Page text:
Story by Lim Yong Teck/Red Sports. Photos by Soh Jun Wei/Red Sports
Jalan Besar Sports Centre, Sunday, September 6, 2015 — After two earlier defeats to Thailand and Democratic People’s Republic of Korea, Singapore eked out a consolatory 3-1 win against Cambodia on the final day of the 2016 Asian Football Confederation (AFC) U-16 Championship Group H qualifiers.
“We gave away an easy goal in the second half, but that goal pushed them mentally and we regrouped after that, and finally, we got a goal and the killer instinct came,” said Singapore coach Selvaraj Vengadasalam.
“We were creating chances and keeping it tight in the first half, but the killer instinct was missing, and the boys were losing concentration as well. Coupled with their technical abilities to play under pressure, these are the two things we need to improve on.”
Speaking against criticisms that the boys lacked physical fitness, coach Selvaraj added, “The boys were very determined in the second half and they really wanted to win. That strong mentality pushed their body to run, and made them forget about their fatigue.
“The boys are improving game by game, especially in the area of goal scoring, desire to work and winning mentality.”
The final tournament of the biennial championship will be held in India, where the top 16 teams in the region will compete. Group winners will qualify for the tournament, alongside hosts India and four or five of the best second-placed teams.
In the earlier game, defending champions North Korean topped the group with a 2-0 win over the Thais and have safely advanced to the next round of their title defence.
Defensively, the hosts contained the visitors well in the first half, giving custodian Kevin Wong (#1) an easy time at the rear.
However, with the exception of Joel Chew (#19), the forward pack appeared hesitant on offence, squandering several prime scoring chances.
After the break, off a brilliant long cross from Ath Ontoch (#12), Cambodia drew first blood with the opener by Sieng Chanthea (#9).
Fortunately, the hosts responded with a goal of their own in the 68th minute.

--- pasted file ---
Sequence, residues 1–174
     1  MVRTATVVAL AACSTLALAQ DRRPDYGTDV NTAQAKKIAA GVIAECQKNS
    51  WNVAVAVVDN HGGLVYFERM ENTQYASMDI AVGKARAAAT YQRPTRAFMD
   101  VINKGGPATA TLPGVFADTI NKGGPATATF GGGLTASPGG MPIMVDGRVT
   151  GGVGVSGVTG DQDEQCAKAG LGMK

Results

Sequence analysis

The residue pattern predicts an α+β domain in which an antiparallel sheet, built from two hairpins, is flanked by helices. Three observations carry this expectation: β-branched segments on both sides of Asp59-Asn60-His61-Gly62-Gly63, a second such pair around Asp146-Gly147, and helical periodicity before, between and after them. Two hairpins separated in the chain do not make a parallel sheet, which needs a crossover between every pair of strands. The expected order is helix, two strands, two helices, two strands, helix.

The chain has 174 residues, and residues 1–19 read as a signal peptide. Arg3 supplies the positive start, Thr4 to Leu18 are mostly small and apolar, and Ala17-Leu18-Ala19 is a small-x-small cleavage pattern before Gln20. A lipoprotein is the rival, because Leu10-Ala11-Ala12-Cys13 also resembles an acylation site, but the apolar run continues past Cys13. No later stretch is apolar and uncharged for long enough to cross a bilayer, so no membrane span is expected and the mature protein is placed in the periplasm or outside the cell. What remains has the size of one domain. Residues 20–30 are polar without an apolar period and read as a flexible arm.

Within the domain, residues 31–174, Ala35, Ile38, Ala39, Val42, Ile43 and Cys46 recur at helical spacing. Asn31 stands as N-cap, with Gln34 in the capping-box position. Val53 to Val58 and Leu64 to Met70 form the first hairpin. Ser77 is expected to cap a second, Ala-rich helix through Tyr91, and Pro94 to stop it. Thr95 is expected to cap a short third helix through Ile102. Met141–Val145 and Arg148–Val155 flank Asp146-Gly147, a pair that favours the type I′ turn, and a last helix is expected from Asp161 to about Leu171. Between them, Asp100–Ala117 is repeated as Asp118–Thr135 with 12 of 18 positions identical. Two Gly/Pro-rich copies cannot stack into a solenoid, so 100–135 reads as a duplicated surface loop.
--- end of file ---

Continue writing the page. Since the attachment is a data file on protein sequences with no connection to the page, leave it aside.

After drawing the attention of Cambodian keeper Kong Raphath (#1) on the left flank, Khairul Hairie (#21) crossed over to Glenn Kweh (#9) to slot the ball in for the equalizer and the Republic’s first goal of the tournament.
The goal opened the floodgates as Kweh (#9) later returned the favour to facilitate Hairie (#21) for Singapore’s second goal to give them the lead.
Irfan Jeferee (#12) sealed the victory with the third goal, helping Singapore finish the tournament on a high.
“We needed a bit of luck from their goalkeeper, who is their best player. His mistakes helped us get our goals and of course, credits to my players as they did not give up after Cambodia’s first goal,” said coach Selvaraj.
All praises for his charges, he added, “It is not easy coming back after two losses, and usually young boys will cry after that.
“Mentally, they were strong and I really thank the people around who came down to support their games. That pushed the boys and gave them a lot of confidence.”
“We had three big mistakes, but my players tried their best and this is a good experience for them to grow for future,” said Cambodian coach Iki Yusuke, who credited the hosts for their “good technique and tactics”.
“The boys don’t have enough experience in international games and lack good decisions and I take full responsibility for the result in this tournament.”
Score by period
Singapore vs Cambodia
1st half: 0-0
2nd half: 3-1 (3-1)
Glenn Kweh (#9) – 1 goal
Irfan Jeferee (#12) – 1 goal
Khairul Hairie (#21) – 1 goal
Sieng Chanthea (#9) – 1 goal
Kevin Wong (#1), Zakri Kai Ren (#2), Jordan Vestering (#3), Syed Akmal (#4), Izzul Bin Tazhar (#5), Akmal Bin Azman (#6), Mahler Jacob William (#8), Glenn Kweh (#9), Rezza Ramadhani (#11), Irfan Jeferee (#12), Daniel Matin Bin Mohamad (#13), Muhammad Hifzhil Iman (#14), Firdaus Bin Johan (#15), Fikri Junaidi (#16), Raishyan Bin Rahmat (#17), Joel Chew (#19), Khairul Hairie Bin Abdul Hamid (#21), Akram Bin Azman (#22), Afiq Azrhy (#23), Hadi (#25), Putra Bin Sahrin (#26)
Kong Raphath (#1), Lorn Then (#3), Soeuth Nava (#4), Teat Kimheng (#6), Tray Vicheth (#7), Lath Vanny (#8), Sieng Chanthea (#9), San Kimheng (#10), Seth Mannsouth (#11), Ath Ontoch (#12), Tes Sambath (#13), Kong Chansirasa (#15), Soun Sophoutra (#18), Tun Somchhai (#19), Long Menghav (#21), Hul Kimhuy (#22), Sean Sopheaktra (#24), Rort Bunnou (#25), Sin Kakada (#26), Yue Safy (#28), Chhoeung Visinu (#32), Heng Tina (#33), Yet Chetra (#34)
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